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In My Opinion

Stroke and the Need for Speed

Published March 17, 2014 9:20 AM by Jimmy Thacker
Stroke is the number four killer in the United States. Faster treatment helps save lives, but faster treatment may also be quantified, thanks to a study at the University of Melbourne, Australia. Dr. Atte Meretoia discovered that for every 15 minutes quicker that treatment is received, a month can be added to the patient's life. The faster tissue plasminogin activator (tPA) is delivered, the better the outcomes. The standard 4 or 4.5 hours may not be the standard much longer, giving way to as soon as possible.
    The secret seems to be that the faster the drug is delivered, the more tissue and blood flow is restored to a nearly normal state. This means that not only elderly folks who we typically think of as stroke patients, but younger people, too, can benefit from quicker administration of tPA.
    In my opinion, we need to get on board with Australia and get tPA to our patients as quickly as possible. This is another reason why every hospital should have quick reaction teams specifically designed for the treatment of stroke and other deadly events we see in our emergency rooms. The teams can react quickly with protocols designed to improve efficiency and reaction times, giving our patients better outcomes and prognoses. The United States needs to do studies and get this standard into every emergency room in the country as soon as possible.

That's just my opinion,
Jim Thacker, MBA, MHA, CRT, AE-C
Windsor, MO
posted by Jimmy Thacker


Jimmy I don't disagree with the need for speed, but this is not news. The credo for many stroke programs/services has long been "time is brain". And the goal is not just to add months to the survivor's life, but to preserve function so they can continue to live much as they did before the event.

The 4.5 hours you mention is not the "standard", it is the window of opportunity. It is measured from the onset of stroke symptoms. Administration of tPA is not recommended beyond 4.5 hours as there is little/no evidence of benefit and the risks associated with tPA are increased. The standard is under 60 minutes from "door to drug". In that 60minutes the patient must be assessed to assure it is a stroke, and that they have no contraindication to tPA administration. Blood work and a non-contrast CT scan of the head must be performed and results available. The CT is to rule out a bleed as the cause of the stroke as that is the biggest contraindication to tPA administration.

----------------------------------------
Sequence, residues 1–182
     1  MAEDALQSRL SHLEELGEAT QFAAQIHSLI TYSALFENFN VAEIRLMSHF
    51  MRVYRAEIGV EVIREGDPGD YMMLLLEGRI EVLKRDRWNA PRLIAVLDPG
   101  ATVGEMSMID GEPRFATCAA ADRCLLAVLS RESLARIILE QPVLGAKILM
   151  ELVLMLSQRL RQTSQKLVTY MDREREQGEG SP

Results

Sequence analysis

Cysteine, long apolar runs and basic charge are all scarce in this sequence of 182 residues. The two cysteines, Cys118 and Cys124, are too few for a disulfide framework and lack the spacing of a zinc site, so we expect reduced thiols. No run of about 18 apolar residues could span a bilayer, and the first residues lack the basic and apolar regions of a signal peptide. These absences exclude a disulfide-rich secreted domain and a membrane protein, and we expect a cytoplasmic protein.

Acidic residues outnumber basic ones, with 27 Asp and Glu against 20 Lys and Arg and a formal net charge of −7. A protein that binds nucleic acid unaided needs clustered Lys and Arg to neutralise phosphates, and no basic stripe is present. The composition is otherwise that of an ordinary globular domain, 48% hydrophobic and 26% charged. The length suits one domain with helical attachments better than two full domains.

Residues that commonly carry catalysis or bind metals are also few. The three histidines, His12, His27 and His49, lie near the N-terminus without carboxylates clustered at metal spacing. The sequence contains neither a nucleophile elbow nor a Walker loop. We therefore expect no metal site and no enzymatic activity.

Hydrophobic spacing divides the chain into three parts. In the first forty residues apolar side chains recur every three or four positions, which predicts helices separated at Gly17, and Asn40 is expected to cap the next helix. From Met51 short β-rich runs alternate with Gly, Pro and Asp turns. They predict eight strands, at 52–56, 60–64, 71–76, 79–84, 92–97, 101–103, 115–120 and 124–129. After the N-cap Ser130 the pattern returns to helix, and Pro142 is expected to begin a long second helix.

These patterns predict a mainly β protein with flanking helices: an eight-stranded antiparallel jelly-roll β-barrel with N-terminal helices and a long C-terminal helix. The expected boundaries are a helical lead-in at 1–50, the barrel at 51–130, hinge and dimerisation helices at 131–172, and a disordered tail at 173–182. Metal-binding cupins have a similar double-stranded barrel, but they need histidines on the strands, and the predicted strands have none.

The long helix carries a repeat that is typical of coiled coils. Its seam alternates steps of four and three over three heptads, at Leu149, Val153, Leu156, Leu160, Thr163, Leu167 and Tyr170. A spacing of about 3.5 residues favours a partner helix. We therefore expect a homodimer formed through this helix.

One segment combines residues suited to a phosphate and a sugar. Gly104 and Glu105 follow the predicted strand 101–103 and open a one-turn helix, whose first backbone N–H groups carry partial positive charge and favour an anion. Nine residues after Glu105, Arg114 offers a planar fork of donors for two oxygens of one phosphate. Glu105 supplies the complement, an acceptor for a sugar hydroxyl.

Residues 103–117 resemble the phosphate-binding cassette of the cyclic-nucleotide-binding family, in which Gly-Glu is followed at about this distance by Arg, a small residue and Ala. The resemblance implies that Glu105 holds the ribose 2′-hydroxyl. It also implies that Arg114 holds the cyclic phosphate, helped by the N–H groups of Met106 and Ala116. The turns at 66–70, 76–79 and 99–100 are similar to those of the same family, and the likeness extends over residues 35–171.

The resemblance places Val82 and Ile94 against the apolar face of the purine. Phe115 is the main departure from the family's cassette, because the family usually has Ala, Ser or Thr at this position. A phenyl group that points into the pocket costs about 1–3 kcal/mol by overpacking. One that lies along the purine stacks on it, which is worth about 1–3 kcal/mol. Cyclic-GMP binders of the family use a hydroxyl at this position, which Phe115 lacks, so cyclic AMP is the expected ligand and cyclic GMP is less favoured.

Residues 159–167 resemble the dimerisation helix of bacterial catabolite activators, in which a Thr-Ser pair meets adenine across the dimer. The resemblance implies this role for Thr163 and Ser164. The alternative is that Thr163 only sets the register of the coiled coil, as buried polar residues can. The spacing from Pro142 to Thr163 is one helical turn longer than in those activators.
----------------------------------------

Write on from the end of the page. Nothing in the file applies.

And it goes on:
As for getting on board there are national initiatives to improve stroke care. The Joint Commission offers disease specific certifications in a number of areas including for Primary Stroke Centers and Comprehensive Stroke Centers. This designation is separate from accreditation by TJC. The American Stroke Association (ASA), part of the American Heart Association, offers their Stroke Get With the Guidelines (GWTG) program. The guidelines in this program are evidence based best practices, such as tPA in less than 1 hour, etc. Participating centers submit their data to the GWTG database. Programs that meet certain percentages are recognized at the Bronze, Silver, Gold and Platinum levels. Some levels can only be achieved by demonstrating consistent high performance over several years. Details for these programs are available on the organizations respective websites.

ASA also is involved in public education. You may have seen billboards with the "...stroke is a brain attack" or the "FAST-face, arms, speech, and time" info. A large part in successful stroke treatment is getting the public to recognize the signs/symptoms of stroke and act FAST-getting care in under 4.5 hours. As you note sooner is better!



Chuck, RT - Manager, CarolinaEast Health March 26, 2014 6:33 PM
New Bern NC

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